In one embodiment, the device 10 is provided with a bolus port. Once the device 10 has been activated, and the cannula has been inserted into the patient, the bolus port may be accessed to inject additional quantities of medicament, as needed, through the same cannula, thereby avoiding the inconvenience of additional needle sticks. Referring to FIGS. 1-3, the bolus port comprises an elastomeric septum 94 fixedly attached to the flexible membrane 86 over the central opening 44 in the top cover 12. The septum is held in place by a port guide 96. The port guide 96 is preferably a tall piece of plastic that is ultrasonically welded to the top cover 12, trapping the septum 94 in place. The port guide 96 also has a cone shaped interior that helps to guide a needle down to the septum 94. When a patient needs a bolus injection, they simply insert a syringe needle through the septum into the central opening 44 and inject. The additional dose is immediately carried into the body through the delivery cannula 48. When the injection has been completed, the syringe may be removed, and the septum 94 seals behind it, maintaining a hermetic seal within the device 10.

In some applications, it may be important to limit the volume of medicament received through bolus injections. Once such application may be where the bolus injections ate an opioid, although those skilled in the art will recognize that there are many such situations. The principles of the present invention may be applied to provide the device 10 with a bolus button. The bolus button allows the user to take bolus injections as needed, while limiting the amount of medicament delivered through the bolus button over a given time period. A schematic of a device 10 incorporating the bolus button is shown in FIG. 10.

A bolus restrictor channel 98 is incorporated into the surface of the top cover 12 as the previously discussed flow channels were. The bolus restrictor channel 98 has a proximal end and a distal end. The proximal end is in fluid communication with the reservoir 36, while the distal end is in fluid communication with a bolus button structure 100. The flexible membrane 68 forms one wall of the bolus flow channel 98. The bolus restrictor channel 98 preferably has a serpentine portion 102 to restrict the flow of medicament to the bolus button. The bolus restrictor channel 98 preferably incorporates a check valve 104 to prevent a reverse flow of medicament from the bolus button 100 back toward the reservoir 36. A bolus exit channel 106 has a proximal end in communication with the bolus button 100 and a distal end in communication with the exit channel 80 and the central opening 44. The bolus exit channel preferably incorporates a spring check valve 108 to prevent a backward flow of fluid from the exit channel 80 toward the bolus button 100. The spring check valve 108 also exerts spring pressure so that fluid cannot flow from the bolus button toward the central opening 44 without overcoming the spring pressure. This prevents medicament from flowing into the patient through the bolus flow channel 98 until the bolus button 100 is depressed.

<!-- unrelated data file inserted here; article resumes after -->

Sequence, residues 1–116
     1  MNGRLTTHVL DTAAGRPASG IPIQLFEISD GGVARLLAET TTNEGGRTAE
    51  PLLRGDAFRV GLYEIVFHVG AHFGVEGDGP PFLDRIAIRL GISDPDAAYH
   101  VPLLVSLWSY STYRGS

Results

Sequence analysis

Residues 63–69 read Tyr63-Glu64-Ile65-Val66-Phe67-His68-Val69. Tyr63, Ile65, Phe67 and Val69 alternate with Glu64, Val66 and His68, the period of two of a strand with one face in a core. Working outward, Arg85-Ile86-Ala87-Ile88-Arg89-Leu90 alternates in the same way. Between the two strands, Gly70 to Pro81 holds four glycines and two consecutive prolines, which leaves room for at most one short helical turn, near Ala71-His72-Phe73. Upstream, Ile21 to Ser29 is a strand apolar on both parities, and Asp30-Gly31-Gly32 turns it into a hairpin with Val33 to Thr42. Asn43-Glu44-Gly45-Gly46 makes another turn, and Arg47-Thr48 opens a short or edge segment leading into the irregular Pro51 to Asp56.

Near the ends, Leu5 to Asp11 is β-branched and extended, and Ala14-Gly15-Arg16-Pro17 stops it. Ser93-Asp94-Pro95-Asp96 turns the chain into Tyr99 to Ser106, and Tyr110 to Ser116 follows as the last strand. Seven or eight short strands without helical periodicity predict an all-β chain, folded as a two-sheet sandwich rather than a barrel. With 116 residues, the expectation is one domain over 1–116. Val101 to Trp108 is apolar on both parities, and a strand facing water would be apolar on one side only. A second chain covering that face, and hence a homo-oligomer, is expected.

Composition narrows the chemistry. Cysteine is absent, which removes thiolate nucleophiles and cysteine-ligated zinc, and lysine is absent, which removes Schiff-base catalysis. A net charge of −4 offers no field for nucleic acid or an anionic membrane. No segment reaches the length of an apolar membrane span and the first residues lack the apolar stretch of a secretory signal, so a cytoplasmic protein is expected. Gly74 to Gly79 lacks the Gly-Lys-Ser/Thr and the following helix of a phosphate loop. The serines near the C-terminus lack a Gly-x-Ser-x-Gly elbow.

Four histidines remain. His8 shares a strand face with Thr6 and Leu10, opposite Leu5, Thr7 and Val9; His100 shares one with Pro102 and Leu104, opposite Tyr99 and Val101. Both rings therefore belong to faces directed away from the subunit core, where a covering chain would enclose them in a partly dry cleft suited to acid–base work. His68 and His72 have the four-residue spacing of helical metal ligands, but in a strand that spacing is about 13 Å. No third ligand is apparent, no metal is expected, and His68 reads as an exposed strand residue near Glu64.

The bolus button 100 is an indentation in the top cover 12 sealed with the flexible membrane 68. Fluid flows into and fills the space created between the bolus button indentation and the flexible membrane. Once the bolus button 100 is filled, the fluid remains in the bolus button 100 and cannot flow out due to check valve 104 and spring check valve 108.

In order to inject a bolus, the user presses down on the membrane 68 of the bolus button 100 causing the fluid within the bolus button 100 to become pressurized. Once the pressure in the bolus button 100 overcomes the spring pressure of the spring check valve 108, fluid exits the bolus button and flows out the bolus exit channel 106 toward the central opening 44 and the cannula 48. As the bolus button 100 empties, the flexible membrane 68 deforms into the bolus button indentation.

Once the bolus button 100 is empty, fluid will begin to flow into it from the reservoir 36. However, the rate at which the bolus button 100 refills is limited by the bolus restrictor channel 98. Thus, the maximum rate at which the user can take bolus injections is governed by the amount of restriction in the serpentine portion 102. Even if a patient continuously pushed the bolus button 100, they would only receive as much medicament with each push as would have flowed into the bolus button 100 since the previous push.

In another preferred embodiment, the cavity which defines the bolus button volume is provided with an adjustable plug. The plug is a threaded member that can be adjusted in or out of a threaded hole within the bolus button indentation in order to adjust the volume of the bolus button 100. Other means of altering the volume of the bolus cavity may be provided and are within the scope of the invention.